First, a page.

Wednesday, August 27, 2008
5871: Adweek Examines Ageism In Advertising.
MultiCultClassics has regularly blasted Adweek/Adwhite for its consistent cultural cluelessness in recent years. But now there’s a topic where the staff does demonstrate credibility and expertise: ageism. Noreen O’Leary presents the in-depth report below.
War of the Ages
How a host of new agency realities are pushing boomers out before their time
By Noreen O’Leary
The ad biz has always been a game for the young. But has ageism become the norm?
Earlier this month, a judge set a December trial date for a $30 million age-discrimination suit by a Universal McCann media exec, George Hayes, against the agency and its corporate parent, Interpublic Group. Hayes says he was fired by a younger boss who believed young people at the agency “got it” when it came to new media in a way that older staffers did not. In addition, Hayes claims, his former boss viewed “age and experience as a hindrance, rather than a benefit.”
The two sides seem ready to go public with the private concerns of a generation of industry execs fearing displacement at a time they should be in their peak earning years.
Valid or not, the contentions of Hayes -- a former evp, client services let go at age 53 -- ring true for a large number of other executives on the street who are arguing their relevance.
Even within the youth-obsessive traditions of the ad industry, there’s a new sense of gloom about the career prospects for mid- to upper-level employees.
Creative executives, who have obviously always felt the need to exude a hipness born of cutting-edge culture, now feel it tenfold thanks to the fast pace of digital technologies and emerging delivery channels. Now others are feeling youthful pressures in a media world and larger consumer society informed by technological change. But the issues are more complicated; they’re as much about compensation and changing skill sets as they are about tenure. Factor in the current economic downturn and client budget cuts that create an incentive to lose higher-salaried employees, and it’s no wonder some in the industry see an overt ageism taking hold that could make a new minority: those over 50.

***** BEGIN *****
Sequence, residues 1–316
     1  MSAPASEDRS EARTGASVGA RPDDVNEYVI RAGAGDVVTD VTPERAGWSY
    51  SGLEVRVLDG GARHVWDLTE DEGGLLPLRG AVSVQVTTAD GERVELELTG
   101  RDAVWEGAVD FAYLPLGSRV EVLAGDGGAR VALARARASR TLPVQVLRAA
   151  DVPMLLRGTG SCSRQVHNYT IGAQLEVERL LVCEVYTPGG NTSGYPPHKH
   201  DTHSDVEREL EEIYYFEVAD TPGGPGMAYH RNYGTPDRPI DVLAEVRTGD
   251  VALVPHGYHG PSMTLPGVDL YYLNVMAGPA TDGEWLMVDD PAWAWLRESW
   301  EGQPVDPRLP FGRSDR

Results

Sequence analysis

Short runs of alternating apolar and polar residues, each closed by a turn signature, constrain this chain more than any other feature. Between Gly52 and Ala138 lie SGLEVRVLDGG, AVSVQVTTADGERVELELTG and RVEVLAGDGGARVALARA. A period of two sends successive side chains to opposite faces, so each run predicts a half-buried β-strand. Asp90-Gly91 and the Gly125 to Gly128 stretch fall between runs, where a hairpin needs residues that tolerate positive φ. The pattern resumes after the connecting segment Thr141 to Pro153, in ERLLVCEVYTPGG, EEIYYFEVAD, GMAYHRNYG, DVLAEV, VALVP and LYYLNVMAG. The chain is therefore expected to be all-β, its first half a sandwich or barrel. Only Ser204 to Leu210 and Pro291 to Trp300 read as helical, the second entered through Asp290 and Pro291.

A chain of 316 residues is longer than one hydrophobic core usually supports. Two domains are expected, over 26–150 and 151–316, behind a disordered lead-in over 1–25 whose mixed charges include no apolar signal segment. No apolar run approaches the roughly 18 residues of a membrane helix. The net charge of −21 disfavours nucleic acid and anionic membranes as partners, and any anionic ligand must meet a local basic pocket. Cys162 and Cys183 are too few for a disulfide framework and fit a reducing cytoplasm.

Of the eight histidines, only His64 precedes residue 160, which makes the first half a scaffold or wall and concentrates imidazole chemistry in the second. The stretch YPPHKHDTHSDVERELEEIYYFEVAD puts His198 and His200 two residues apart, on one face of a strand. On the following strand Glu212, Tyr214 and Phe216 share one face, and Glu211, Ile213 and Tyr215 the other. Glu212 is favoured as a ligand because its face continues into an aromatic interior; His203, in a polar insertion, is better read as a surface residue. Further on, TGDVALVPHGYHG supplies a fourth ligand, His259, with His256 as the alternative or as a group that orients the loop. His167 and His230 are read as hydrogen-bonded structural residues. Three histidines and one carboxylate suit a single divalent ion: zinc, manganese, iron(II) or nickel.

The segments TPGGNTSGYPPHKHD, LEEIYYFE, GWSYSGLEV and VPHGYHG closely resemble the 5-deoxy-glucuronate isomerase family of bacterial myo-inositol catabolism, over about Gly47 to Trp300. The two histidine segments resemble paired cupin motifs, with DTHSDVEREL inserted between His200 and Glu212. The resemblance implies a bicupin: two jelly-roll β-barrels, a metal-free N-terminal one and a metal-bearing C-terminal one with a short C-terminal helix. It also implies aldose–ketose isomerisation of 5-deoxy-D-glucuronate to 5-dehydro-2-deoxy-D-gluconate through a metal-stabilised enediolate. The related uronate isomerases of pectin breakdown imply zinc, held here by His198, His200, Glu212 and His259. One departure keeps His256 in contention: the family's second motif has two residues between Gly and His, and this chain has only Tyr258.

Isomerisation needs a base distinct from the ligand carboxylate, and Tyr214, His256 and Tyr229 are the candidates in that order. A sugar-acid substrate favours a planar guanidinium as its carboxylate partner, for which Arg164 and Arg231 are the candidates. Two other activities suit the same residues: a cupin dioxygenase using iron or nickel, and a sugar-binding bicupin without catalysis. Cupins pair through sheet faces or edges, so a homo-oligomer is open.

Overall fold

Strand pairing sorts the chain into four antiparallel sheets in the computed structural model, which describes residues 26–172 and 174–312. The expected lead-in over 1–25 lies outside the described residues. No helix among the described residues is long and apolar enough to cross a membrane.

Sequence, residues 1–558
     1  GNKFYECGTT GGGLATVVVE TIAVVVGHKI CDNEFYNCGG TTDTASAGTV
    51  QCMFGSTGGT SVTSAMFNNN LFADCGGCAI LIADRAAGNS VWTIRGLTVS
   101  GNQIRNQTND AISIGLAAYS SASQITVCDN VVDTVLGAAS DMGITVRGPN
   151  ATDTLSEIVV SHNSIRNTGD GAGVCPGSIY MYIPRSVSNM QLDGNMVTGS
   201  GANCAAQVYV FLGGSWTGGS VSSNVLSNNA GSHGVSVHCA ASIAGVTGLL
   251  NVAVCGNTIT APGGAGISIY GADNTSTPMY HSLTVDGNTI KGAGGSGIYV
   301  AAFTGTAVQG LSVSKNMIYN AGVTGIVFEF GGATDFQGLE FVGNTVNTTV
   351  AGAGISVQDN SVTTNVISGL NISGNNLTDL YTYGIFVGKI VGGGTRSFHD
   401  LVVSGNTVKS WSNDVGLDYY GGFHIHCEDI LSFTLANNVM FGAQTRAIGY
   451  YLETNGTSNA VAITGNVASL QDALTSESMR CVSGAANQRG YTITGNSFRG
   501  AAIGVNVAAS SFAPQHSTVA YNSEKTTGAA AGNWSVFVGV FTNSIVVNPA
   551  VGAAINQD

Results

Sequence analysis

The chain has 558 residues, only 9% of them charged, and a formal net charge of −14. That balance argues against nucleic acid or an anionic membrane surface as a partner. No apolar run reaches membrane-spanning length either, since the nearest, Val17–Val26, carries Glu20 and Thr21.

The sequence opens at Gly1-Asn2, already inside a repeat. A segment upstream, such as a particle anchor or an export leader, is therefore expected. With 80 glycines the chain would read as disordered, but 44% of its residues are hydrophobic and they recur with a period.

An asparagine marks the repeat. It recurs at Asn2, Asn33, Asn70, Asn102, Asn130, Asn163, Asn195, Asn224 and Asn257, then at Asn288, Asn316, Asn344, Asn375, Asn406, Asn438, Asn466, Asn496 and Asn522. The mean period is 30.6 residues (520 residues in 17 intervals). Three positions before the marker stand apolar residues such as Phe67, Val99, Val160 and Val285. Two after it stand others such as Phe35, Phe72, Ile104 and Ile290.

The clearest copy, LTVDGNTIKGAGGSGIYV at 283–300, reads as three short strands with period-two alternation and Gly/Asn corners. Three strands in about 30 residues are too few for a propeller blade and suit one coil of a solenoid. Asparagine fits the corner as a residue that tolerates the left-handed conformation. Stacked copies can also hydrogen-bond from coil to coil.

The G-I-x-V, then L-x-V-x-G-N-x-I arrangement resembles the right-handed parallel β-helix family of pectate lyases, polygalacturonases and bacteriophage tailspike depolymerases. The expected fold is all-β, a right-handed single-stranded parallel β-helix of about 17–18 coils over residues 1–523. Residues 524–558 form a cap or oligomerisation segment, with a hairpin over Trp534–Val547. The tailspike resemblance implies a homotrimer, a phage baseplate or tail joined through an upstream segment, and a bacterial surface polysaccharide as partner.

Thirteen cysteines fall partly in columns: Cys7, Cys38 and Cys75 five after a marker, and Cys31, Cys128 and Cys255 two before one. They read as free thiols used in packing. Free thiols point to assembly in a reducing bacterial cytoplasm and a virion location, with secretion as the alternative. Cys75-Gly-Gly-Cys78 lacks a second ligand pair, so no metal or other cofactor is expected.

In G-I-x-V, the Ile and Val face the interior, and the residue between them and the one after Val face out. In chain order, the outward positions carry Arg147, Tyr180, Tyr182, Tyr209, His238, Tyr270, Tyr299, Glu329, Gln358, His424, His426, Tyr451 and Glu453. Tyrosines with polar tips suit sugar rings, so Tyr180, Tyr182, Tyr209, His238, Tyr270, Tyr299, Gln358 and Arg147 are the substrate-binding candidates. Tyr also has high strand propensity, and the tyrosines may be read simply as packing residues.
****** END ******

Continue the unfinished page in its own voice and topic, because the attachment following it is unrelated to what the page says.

“Baby boomers always say that 40 is the new 30 [and] 50 is the new 40. In advertising, 50 is the new 65. As soon as you hit that barrier, you’re considered old,” says Dorothy Higgins, 54, who is consulting after being laid off earlier this year from one of the industry’s media companies.
That barrier, in fact, may be dipping even lower. Says one of Higgins’ peers: “It’s now starting at 40 or 45. Unless you’ve gotten to a certain stage in your career where you have one of those bullet-proof jobs—where you are extremely key to a client—you’re vulnerable.”
Not to be discounted in all of this is the fact that with “CMOs getting younger, you have a casting issue,” says Nancy McNally, 53, a former top executive at agencies like Ammirati & Puris and clients like American Express.
Industry observer Rick Kurnit, a partner at law firm Frankfurt, Kurnit, Klein & Selz, agrees that client-casting issues play a role and points out that it cuts two ways. While younger CMOs may relate better to agency staffers in their peer group, he says, older ones look for the agency perspective on new media creative they themselves may lack. There may also be an element of being in the wrong career place at the wrong time. Boomers climbed their careers ranks in a different agency world. Amid new unbundled economic realities, CFOs, demanding that 75 percent of payroll come from client income, can attain cost savings more readily by cutting higher-salaried staffers. The newly empowered client-procurement people look to buy agency hours at cost and young staffers are obviously cheaper. “None of these factors reflect the merits of these [older] people, unfortunately,” Kurnit says.
[Read the full report here.]